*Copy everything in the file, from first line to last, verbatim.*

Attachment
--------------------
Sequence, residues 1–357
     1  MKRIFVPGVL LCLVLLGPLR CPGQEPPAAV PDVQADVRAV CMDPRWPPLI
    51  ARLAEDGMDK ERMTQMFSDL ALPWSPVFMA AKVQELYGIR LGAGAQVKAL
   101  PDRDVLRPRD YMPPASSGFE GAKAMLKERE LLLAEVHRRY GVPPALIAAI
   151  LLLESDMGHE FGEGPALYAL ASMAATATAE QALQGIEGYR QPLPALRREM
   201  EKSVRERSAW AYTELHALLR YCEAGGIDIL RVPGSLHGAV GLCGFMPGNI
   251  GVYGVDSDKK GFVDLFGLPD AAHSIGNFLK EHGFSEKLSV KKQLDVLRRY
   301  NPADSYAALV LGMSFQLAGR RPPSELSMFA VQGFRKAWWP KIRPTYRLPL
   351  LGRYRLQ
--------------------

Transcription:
Sequence, residues 1–357
     1  MKRIFVPGVL LCLVLLGPLR CPGQEPPAAV PDVQADVRAV CMDPRWPPLI
    51  ARLAEDGMDK ERMTQMFSDL ALPWSPVFMA AKVQELYGIR LGAGAQVKAL
   101  PDRDVLRPRD YMPPASSGFE GAKAMLKERE LLLAEVHRRY GVPPALIAAI
   151  LLLESDMGHE FGEGPALYAL ASMAATATAE QALQGIEGYR QPLPALRREM
   201  EKSVRERSAW AYTELHALLR YCEAGGIDIL RVPGSLHGAV GLCGFMPGNI
   251  GVYGVDSDKK GFVDLFGLPD AAHSIGNFLK EHGFSEKLSV KKQLDVLRRY
   301  NPADSYAALV LGMSFQLAGR RPPSELSMFA VQGFRKAWWP KIRPTYRLPL
   351  LGRYRLQ